I found your site online and I’m curious. How (on earth) did you start reading tarot cards?
Good to hear from you. Often, people ask me this question and I never tire of answering it. When my sister was in college, she was doing her senior thesis on the History of Magic at Tufts University. In the course of her research she brought home a deck of tarot cards, the Waite deck with illustrations by the set designer, Pamela Coleman Smith.
My sister and I would sit on my parents’ porch in the dead of summer and do tarot card readings. She, ever the erudite Capricorn, had a comprehensive, historically documented volume on the history of magic, to which she would refer in an attempt to divine the meaning of our questions. It was during the course of one of those readings, a general forecast of what lay ahead for me, that she foresaw the birth of my first child. “News of a child,” she said when she saw the Page of Cups. It surprised me as readings sometimes do, for I was not anticipating starting a family.
It was during those summer days on the porch that I found my own way to do readings. My forte, or so people often remarked, was the ability to blend the meanings of the cards together in a way that many traditional readers do not. I’ve always thought that reading cards or doing an astrology chart is like cooking. You need the right balance of ingredients.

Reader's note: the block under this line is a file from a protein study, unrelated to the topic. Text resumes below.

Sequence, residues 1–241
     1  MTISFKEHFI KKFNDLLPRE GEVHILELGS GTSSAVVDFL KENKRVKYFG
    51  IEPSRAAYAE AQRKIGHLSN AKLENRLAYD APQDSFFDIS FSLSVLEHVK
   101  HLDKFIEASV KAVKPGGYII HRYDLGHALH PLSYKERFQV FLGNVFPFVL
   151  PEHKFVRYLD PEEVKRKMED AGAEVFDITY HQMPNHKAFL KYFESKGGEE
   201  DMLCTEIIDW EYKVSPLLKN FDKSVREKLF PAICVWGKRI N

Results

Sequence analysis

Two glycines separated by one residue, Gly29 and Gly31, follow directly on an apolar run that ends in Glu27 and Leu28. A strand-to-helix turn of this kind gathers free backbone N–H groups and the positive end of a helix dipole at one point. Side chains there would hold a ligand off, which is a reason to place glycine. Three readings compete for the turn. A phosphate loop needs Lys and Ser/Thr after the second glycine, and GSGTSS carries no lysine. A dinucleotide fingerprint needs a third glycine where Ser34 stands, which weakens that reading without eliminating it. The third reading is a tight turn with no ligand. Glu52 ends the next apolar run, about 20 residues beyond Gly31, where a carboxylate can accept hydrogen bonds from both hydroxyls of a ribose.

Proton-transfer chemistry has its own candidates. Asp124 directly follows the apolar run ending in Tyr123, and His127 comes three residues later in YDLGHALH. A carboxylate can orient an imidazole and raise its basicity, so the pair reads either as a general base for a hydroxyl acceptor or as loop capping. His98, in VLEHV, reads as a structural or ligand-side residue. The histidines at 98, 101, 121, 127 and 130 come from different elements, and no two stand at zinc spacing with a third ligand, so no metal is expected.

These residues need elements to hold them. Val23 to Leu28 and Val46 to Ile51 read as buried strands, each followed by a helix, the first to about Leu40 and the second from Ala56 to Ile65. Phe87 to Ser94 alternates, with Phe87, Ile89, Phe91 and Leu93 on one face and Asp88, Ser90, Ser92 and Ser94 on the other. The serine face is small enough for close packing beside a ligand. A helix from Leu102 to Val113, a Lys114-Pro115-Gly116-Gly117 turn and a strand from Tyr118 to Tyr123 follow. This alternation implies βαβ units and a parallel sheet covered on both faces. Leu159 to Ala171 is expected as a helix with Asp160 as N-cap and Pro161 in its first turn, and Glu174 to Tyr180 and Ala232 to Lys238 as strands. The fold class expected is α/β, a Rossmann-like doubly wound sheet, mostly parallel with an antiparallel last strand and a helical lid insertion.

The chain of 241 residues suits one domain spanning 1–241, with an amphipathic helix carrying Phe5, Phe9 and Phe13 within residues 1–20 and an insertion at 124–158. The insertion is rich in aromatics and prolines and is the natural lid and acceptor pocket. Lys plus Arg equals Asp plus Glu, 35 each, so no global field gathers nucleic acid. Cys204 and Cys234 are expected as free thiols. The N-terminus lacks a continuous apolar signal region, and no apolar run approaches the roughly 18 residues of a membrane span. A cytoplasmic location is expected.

My sister proceeded on to a career in managing her rock and roll husband’s business.
I, however, fell in love with a man who would shortly become my husband. As a wedding present, a friend sent us a poem which I wish I still had, but unfortunately, I live out the vagabond side of being a tarot card reader and, well, when the gypsy wagon rolls through town and you have little notice, things get lost. In any event, our friend the author doesn’t have a copy of the poem, either, but it started out:
“It was not quite an earthly wedding…”
and proceeded on to say that Stephen Stills played the wedding march and that my partner was the King of Cups, with twinkling and sparkling eyes, and that I was the Queen of Cups and that we lived in a magical kingdom which the world couldn’t touch and which was all of our own making and that we were happily awaiting the birth of our first child, the Page of Cups.
That porch on my parents’ house had jalousie windows. You know, the kind that open all at once when you turn the knob. I think they’re kind of like enlightenment or a good tarot card or astrology reading – when everything opens and connects all at the same time.
Occasionally, I think that I’ll get off the gypsy wagon and have a house of my own. But so far none of them have seemed right. Maybe it’s a house with a porch with jalousie windows I’m waiting for.